Is it a good idea to have a brokerage manage my investments, and if so, how do I find a firm to do it for me?
I recently came into an unexpected inheritance. It is not a fortune, but it is substantial. I am a busy working adult with a full-time job and a part-time job. I do have investments, but not the experience, time, or knowledge to feel like I am very good at it. I am thinking about investing the inheritance into a brokerage managed account, as I have read online that the management fees are small enough to be basically insignificant. Given my busy schedule, this seems ideal. Is it a good idea to have a brokerage manage my investments, and if so, how do I find a firm to do it for me?
You certainly should consider having professional assistance, but that means an experienced Certified Financial Planner who has been in the business long enough to manage both the ups and downs. Simply going to a brokerage house for assistance is exposing yourself to folks who are primarily salesmen, not money managers. Plus, the likelihood of high fees.
To find a qualified adviser near you, go to Find An Adviser at Napfa.com. That’s the website of the National Association of Personal Financial Advisors. Call and meet with several. Then select the person with whom you’ll be most comfortable.
What a great question. My answer based on 30+ years in the investment business is that you appear to be an ideal individual looking for an advisor. First, you have a substantial amount of money. Second, you realize that you don’t have the experience and training to manage your inheritance by yourself.
Having worked for large brokerage firms and having founded my own Registered Investment Firm (RIA), here is my recommendation: avoid the large investment firms.
The focus of the big Wall Street firm is sales, and the brokers that work there are the sales force. That doesn’t mean that they’re bad, it just means that their focus is on generating revenue for the company. The company then gives some fraction of the fees and commissions to the brokers; that’s how they get paid.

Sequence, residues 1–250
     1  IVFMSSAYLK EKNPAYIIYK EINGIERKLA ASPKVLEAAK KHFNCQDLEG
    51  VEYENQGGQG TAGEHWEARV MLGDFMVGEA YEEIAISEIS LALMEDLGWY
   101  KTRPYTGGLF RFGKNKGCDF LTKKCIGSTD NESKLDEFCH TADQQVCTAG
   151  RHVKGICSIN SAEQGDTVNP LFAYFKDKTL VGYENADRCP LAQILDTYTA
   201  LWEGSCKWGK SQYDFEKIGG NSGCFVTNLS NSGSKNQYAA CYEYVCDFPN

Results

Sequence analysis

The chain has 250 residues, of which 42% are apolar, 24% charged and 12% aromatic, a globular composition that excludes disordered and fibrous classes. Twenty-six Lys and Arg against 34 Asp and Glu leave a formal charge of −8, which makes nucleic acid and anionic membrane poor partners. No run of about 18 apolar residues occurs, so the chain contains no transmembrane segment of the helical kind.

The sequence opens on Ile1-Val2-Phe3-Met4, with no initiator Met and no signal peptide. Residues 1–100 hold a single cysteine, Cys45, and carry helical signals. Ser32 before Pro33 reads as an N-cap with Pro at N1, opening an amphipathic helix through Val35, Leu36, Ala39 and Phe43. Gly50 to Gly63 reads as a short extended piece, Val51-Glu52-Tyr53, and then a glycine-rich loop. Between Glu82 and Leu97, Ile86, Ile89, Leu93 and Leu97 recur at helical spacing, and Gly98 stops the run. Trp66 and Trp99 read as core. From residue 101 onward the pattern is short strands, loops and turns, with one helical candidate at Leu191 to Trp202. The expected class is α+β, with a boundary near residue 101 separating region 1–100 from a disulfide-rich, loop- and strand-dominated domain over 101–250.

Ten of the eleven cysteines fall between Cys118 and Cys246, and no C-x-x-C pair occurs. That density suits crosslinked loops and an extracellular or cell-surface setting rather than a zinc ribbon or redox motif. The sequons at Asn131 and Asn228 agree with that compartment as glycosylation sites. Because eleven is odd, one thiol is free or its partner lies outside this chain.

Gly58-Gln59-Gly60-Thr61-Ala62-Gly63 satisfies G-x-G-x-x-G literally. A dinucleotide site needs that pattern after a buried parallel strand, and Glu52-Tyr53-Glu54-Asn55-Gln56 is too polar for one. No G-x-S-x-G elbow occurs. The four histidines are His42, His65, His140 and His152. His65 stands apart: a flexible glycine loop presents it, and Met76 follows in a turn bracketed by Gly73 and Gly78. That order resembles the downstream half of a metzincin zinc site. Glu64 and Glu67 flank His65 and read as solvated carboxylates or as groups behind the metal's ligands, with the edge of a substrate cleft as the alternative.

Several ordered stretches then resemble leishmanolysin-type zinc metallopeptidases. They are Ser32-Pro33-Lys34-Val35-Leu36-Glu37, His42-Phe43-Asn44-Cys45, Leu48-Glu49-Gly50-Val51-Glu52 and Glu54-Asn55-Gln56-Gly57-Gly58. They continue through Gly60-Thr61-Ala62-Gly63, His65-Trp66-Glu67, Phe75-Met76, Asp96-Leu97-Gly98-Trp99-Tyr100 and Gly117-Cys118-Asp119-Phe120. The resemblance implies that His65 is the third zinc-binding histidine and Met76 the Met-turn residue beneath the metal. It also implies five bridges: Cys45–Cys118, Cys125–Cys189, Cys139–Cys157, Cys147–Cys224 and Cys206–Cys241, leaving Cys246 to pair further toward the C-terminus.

I left the big Wall Street firms to create my own RIA. I work directly for my clients without the constraints or conflicts of the big firms. I am a fiduciary which means I am legally obligated to put my clients’ interests ahead of my own. I tailor my clients’ portfolios to their needs. My fees are up-front and full transparent.
Go out and interview RIAs in your area. Ask them what they do, what they charge, how they manage investments, how long they have been in business, and get a copy of their ADV (they’ll know exactly what this is). Tell them how much money you have. They should ask you about yourself, about your objectives, your investment experience and your risk tolerance. Because of this process you will find someone you like and trust to manage your inheritance.
Fees are not really insignificant - they can add up. What is important to measure is what will you get for the fees you pay in terms of service, and also to consider investment philosophy.
As an example, many brokerage firms will take your money, charge you a substantial fee to buy and sell investments, and that is about all.
Other firms - in my experience typically independent financial planners - will provide a similar service at a similar fee - but will also include detailed financial planning and non investment financial advice.
Furhtermore, some brokers will charge you a fee for investment management - and then build into your portfolio products that pay a commission as well. Just my opinion, some will object - I think if you pay someone to manage your investments they should a) put your interests first above their own - i.e. be a fiduciary and b) should be seeking out the very best (often but not always lowest cost) investments on your behalf, rather than choosing investments that will enhance their own income.